Adoption2Action provides services to families in the 5th Judicial Circuit, which includes Marion, Lake, Sumter, Citrus and Hernando counties.Katie Pohlman @Katie_Pohlman
She sat, legs crossed, in a worn-in blue recliner and watched a blonde-haired blue-eyed 6-year-old boy play with two miniature monster trucks on the living room carpet. He made sound effects mimicking the revving of engines with his mouth as he guided the trucks along an imaginary route.
“We didn’t think we would be in our 40s and adopting,” said Carol Todd, of Ocala.
Carol and her husband Greg fostered slightly fewer than 200 children over 20 years, but had never adopted. It was not until they decided to stop fostering children that the oldest of their three boys, Riley, 10, came to them.
Riley, a brown-haired blue-eyed boy with a slender build, came to the Todds when he was a few days shy of 5 months. The couple was asked to watch him for a night and he just never left, Carol said.
Twins Gregory and Graham entered the family’s life three years later, when they were just a few days old. They were born with five major drugs in their system and required medical care at UF Health Shands Hospital.
Carol said that in both cases, God told her to adopt the children.
The Todds soon realized that adopting children was much different than fostering them — for better and worse.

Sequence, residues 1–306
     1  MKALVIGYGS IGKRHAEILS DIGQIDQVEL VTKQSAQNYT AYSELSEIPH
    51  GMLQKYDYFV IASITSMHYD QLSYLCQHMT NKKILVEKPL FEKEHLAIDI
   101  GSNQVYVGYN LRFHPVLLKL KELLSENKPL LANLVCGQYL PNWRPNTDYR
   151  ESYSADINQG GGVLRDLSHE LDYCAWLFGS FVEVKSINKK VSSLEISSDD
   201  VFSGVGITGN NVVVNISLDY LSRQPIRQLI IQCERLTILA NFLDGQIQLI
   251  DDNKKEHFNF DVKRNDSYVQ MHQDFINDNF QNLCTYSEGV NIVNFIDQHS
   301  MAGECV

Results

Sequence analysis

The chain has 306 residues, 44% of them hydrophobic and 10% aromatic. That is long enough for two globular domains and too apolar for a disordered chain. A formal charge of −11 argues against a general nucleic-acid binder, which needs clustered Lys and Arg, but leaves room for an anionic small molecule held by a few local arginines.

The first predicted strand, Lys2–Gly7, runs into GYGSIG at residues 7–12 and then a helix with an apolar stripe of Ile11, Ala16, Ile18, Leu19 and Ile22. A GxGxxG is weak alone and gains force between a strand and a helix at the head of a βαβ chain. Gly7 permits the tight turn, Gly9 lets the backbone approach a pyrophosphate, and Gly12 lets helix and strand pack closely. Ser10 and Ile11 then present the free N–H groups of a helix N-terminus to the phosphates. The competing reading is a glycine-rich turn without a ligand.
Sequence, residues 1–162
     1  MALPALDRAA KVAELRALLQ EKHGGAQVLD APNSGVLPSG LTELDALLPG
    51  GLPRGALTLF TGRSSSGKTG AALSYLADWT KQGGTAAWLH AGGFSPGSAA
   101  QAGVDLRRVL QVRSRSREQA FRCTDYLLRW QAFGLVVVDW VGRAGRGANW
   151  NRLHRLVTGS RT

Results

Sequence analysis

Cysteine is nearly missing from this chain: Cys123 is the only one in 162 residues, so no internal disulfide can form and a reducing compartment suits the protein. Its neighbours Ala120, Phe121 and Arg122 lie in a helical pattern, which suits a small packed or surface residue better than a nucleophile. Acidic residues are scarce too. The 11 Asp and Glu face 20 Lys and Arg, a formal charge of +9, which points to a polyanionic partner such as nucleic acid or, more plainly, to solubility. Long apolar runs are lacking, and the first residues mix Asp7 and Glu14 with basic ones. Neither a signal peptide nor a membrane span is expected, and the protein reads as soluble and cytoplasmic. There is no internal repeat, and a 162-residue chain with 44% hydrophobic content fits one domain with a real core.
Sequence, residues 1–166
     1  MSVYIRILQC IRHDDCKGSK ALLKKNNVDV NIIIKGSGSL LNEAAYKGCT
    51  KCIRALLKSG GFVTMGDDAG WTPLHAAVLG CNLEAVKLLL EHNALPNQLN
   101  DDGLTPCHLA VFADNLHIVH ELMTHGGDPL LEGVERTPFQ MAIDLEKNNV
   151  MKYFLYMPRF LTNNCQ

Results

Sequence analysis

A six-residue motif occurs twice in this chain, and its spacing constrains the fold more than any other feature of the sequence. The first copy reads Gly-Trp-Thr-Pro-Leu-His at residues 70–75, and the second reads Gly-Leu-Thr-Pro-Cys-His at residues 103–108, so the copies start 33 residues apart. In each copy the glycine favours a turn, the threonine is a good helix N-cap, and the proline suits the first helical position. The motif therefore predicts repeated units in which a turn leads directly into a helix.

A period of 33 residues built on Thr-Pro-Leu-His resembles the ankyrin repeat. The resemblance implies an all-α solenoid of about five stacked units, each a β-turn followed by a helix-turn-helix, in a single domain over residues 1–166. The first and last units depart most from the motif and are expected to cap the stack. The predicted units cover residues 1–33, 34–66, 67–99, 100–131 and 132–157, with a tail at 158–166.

Organizational and state rules were no longer obstacles to what the two could do with their children, but they also lost a support network. The boys needed counseling and Carol needed help ensuring they received an education that worked for them individually.
A friend of Carol's, who also is an adoptive parent, introduced her to Adoption2Action, which provides post-adoptive services to families in the 5th Judicial Circuit — which includes Marion, Lake, Sumter, Citrus and Hernando counties.
Adoption2Action founder Melissa Merritt said case managers act as liaisons between families and doctor offices, counselors, schools, scholarship programs and Medicaid help lines. The Adoption2Action team will do anything from advocating for the families to just providing a kind ear.
“As adoptive parents, we get left off the grid,” Carol Todd said. With Adoption2Action “I actually have somebody to call. If I’m dealing with anything or have any questions, I have someone to go to.”
Merritt founded Adoption2Action in 2015 after she came to the same realization as the Todds and decided to fill the needs gap. The mother of two adopted special-needs sons brainstormed a list of services she had a hard time navigating as a new adoptive parent. She also called other adoptive parents she knew to get feedback and ideas.
Once word spread that she was interested in providing these services, parents began calling her for referrals. And it snowballed from there, she said.
Merritt plans to eventually expand Adoption2Action to serve the Sunshine State’s entire central region, but is currently focused on perfecting the program. Her main goal is to let adoptive families know they have support.